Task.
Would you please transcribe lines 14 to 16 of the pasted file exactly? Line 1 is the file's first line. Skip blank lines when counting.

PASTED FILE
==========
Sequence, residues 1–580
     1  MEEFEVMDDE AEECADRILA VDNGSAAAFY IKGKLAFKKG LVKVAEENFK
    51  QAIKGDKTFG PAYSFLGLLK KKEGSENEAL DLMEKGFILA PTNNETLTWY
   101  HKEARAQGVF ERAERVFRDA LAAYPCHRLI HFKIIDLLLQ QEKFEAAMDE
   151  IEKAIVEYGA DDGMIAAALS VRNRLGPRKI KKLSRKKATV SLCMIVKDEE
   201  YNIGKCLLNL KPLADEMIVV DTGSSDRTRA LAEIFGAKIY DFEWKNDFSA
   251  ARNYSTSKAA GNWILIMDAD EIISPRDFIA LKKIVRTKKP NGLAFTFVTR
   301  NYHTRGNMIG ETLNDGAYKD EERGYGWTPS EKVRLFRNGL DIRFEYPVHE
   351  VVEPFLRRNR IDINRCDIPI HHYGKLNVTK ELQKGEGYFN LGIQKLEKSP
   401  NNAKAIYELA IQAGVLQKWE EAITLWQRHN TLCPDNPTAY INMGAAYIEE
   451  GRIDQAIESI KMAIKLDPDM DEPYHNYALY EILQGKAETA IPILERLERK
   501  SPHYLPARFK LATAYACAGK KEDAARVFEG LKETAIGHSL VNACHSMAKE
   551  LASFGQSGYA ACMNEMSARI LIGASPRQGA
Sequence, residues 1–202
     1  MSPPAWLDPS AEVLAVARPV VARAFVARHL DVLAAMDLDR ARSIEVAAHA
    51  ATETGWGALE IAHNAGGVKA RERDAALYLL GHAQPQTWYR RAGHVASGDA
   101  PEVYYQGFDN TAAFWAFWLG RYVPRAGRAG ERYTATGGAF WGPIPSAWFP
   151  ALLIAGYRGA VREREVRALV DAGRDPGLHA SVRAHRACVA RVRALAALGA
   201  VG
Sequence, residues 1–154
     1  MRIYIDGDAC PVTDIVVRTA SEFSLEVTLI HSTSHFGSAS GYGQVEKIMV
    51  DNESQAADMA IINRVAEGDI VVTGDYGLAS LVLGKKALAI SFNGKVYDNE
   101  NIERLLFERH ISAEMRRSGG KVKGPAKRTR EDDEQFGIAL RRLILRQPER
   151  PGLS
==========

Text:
Sequence, residues 1–202
     1  MSPPAWLDPS AEVLAVARPV VARAFVARHL DVLAAMDLDR ARSIEVAAHA
    51  ATETGWGALE IAHNAGGVKA RERDAALYLL GHAQPQTWYR RAGHVASGDA